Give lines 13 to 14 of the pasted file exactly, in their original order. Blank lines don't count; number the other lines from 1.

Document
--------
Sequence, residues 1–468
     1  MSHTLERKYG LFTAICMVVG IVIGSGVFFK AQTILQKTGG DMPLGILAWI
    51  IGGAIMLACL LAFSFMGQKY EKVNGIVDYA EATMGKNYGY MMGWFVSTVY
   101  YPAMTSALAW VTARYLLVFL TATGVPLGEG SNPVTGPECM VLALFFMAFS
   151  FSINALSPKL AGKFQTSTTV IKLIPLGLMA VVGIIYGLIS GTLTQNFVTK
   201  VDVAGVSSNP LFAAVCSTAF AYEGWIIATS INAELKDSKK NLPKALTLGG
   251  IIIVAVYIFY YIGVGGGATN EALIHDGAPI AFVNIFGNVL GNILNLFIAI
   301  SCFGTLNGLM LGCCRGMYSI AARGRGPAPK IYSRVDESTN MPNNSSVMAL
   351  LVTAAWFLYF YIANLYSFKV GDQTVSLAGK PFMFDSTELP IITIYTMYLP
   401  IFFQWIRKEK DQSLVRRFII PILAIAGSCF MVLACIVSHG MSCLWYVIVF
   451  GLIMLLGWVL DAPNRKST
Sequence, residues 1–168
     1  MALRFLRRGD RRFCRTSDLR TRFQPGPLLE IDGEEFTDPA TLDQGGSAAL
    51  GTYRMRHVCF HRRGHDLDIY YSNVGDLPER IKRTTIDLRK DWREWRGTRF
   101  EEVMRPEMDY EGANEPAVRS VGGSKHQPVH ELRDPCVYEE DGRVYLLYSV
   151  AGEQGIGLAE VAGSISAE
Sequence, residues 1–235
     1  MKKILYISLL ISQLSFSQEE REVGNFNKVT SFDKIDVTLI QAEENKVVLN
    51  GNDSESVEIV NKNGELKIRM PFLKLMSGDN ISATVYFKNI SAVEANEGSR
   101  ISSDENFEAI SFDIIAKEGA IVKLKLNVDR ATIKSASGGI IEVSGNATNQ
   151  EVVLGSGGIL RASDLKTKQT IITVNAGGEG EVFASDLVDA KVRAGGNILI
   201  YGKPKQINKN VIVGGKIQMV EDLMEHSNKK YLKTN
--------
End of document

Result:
     1  MALRFLRRGD RRFCRTSDLR TRFQPGPLLE IDGEEFTDPA TLDQGGSAAL
    51  GTYRMRHVCF HRRGHDLDIY YSNVGDLPER IKRTTIDLRK DWREWRGTRF